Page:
• 25“World Population Projected to Reach 9.7 Billion by 2050 | UN DESA Department of Economic and Social Affairs.” United Nations, United Nations Department of Economic and Social Affairs, 29 July 2015, www.un.org/en/development/desa/news/population/2015-report.html.
  • 26“Water Scarcity – One of the Greatest Challenges of Our Time.” International Rice Commission Newsletter Vol. 48, FAO of the UN, 12 Apr. 2017, www.fao.org/zhc/detail-events/en/c/880881/.
  • 27Molden, David, et al. “Water Scarcity: The Food Factor.” Issues in Science and Technology, 15 May 2015, issues.org/molden/.
  • 28“2.1 Billion People Lack Safe Drinking Water at Home, More than Twice as Many Lack Safe Sanitation.” World Health Organization, World Health Organization, 12 July 2017, www.who.int/news-room/detail/12-07-2017-2-1-billion-people-lack-safe-drinking-water-at-home-more-than-twice-as-many-lack-safe-sanitation.
  • 29Lewis, Lori. “Water In Crisis - Spotlight Africa: Rural and Urban Issues.” The Water Project, thewaterproject.org/water-crisis/water-in-crisis-rural-urban-africa.
  • 30“How Water Impacts the Lives of Girls.” Girls Education - Plan International Canada, plancanada.ca/infographic-how-water-impacts-the-lives-of-girls.
  • 31“Women, Woman, Gender, Decade, Water for Life, 2015, UN-Water, United Nations, MDG, Water, Sanitation, Financing, IWRM, Human Right, Transboundary, Cities, Quality, Food Security, UNDESA.” United Nations, United Nations, www.un.org/waterforlifedecade/gender.shtml. Last updated: 2014/10/23
  • 32Vogelstein, Rachel. “Water Access Is a Gender Equality Issue.” Council on Foreign Relations, Council on Foreign Relations, www.cfr.org/blog/water-access-gender-equality-issue.
  • 33“Women, Woman, Gender, Decade, Water for Life, 2015, UN-Water, United Nations, MDG, Water, Sanitation, Financing, IWRM, Human Right, Transboundary, Cities, Quality, Food Security, UNDESA.” United Nations, United Nations, www.un.org/waterforlifedecade/gender.shtml. Last updated: 2014/10/23
  • 34“ONE DROP.” Every Mom Needs to See This #MoreFirsts Video, www.onedrop.org/en/news-event/water-children-and-education/.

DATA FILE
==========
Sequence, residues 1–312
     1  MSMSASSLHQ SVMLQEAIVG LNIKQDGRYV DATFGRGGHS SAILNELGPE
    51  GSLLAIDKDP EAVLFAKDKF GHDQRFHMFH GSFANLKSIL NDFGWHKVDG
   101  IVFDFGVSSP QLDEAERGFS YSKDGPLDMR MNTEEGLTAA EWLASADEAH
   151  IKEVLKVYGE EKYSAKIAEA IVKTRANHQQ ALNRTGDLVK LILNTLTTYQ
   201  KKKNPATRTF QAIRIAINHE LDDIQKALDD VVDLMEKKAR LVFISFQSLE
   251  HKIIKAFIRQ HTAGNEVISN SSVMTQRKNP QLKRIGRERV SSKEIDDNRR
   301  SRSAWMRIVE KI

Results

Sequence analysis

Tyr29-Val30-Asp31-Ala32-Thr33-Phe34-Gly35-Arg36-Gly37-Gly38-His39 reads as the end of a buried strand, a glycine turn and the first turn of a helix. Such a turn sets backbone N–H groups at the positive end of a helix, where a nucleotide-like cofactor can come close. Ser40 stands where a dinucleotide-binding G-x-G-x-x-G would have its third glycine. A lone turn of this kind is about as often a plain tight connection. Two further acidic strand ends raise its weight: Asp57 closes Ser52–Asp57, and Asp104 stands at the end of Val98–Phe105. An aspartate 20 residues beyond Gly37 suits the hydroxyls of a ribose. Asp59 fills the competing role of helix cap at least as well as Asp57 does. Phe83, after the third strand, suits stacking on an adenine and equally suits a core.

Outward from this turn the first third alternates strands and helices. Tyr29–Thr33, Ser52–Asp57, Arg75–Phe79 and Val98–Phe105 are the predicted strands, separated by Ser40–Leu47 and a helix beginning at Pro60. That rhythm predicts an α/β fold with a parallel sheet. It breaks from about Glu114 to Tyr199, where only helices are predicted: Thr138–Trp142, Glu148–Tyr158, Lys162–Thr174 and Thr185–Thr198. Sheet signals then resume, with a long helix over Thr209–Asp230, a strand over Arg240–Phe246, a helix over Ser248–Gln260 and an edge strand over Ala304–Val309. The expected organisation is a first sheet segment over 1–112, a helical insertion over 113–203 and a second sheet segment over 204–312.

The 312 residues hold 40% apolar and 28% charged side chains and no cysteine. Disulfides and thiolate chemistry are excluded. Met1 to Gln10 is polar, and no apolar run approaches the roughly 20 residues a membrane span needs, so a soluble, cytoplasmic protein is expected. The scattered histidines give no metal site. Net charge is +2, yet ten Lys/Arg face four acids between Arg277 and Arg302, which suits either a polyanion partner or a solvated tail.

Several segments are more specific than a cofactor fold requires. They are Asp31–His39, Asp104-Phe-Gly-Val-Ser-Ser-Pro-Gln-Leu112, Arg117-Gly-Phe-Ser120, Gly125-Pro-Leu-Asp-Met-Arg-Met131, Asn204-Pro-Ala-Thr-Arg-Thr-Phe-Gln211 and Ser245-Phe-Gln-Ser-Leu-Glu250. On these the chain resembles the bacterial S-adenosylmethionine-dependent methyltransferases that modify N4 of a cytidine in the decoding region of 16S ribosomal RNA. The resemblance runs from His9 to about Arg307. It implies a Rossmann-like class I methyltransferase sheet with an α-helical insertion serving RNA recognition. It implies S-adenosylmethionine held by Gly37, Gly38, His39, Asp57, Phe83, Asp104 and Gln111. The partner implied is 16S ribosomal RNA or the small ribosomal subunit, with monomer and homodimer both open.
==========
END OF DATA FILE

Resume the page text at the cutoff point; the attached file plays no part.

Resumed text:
• 35Patchett, Emma. “'The Curse': the Impact of Sanitation on Schoolgirls in the Developing World.” The Guardian, Guardian News and Media, 14 June 2010, www.theguardian.com/journalismcompetition/sanitation-schoolgirls-in-the-developing-world.
  • 36“Children Dying Daily Because of Unsafe Water Supplies and Poor Sanitation and Hygiene, UNICEF Says.” UNICEF, 21 Mar. 2013, www.unicef.org/media/media_68359.html.
  • 37“Despite Substantial Global Reduction in Diarrhea Deaths, Half a Million Children Still Die from Diseases Each Year.” Institute for Health Metrics and Evaluation, 16 Aug. 2017, www.healthdata.org/news-release/despite-substantial-global-reduction-diarrhea-deaths-half-million-children-still-die.
  • 38World Health Organization, World Health Organization, www.who.int/water_sanitation_health/takingcharge.html.
  • 39“Water and Sanitation - United Nations Sustainable Development.” United Nations, United Nations, www.un.org/sustainabledevelopment/water-and-sanitation/.
  • 40"Children Dying Daily Because of Unsafe Water Supplies and Poor Sanitation and Hygiene, UNICEF Says." UNICEF, 22 Mar. 2013, www.unicef.org/media/media_68359.html?p=printme. Accessed 6 Dec. 2018.
  • 41"Diarrhoeal Disease." UNICEF, Nov. 2018, data.unicef.org/topic/child-health/diarrhoeal-disease/. Accessed 7 Jan. 2019.
  • 42"How Does Safe Water Impact Global Health?" World Health Organization, 25 June 2008, www.who.int/features/qa/70/en/. Accessed 7 Jan. 2019.